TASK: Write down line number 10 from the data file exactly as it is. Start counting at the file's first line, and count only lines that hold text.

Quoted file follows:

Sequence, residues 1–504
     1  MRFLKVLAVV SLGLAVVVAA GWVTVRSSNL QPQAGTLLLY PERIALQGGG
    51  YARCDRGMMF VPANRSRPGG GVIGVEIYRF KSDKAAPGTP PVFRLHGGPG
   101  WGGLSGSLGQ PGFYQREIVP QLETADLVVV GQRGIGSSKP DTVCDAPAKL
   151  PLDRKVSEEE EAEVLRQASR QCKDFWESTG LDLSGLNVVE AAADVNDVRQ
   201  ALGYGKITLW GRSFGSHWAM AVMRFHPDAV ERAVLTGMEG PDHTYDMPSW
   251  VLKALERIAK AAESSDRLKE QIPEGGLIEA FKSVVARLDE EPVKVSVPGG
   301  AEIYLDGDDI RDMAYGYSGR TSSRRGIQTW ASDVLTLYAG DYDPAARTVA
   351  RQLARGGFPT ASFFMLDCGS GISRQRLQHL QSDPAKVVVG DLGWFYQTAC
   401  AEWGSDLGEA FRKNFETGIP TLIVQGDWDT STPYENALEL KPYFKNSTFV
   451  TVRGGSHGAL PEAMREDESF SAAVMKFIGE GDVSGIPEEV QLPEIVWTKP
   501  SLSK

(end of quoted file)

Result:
   401  AEWGSDLGEA FRKNFETGIP TLIVQGDWDT STPYENALEL KPYFKNSTFV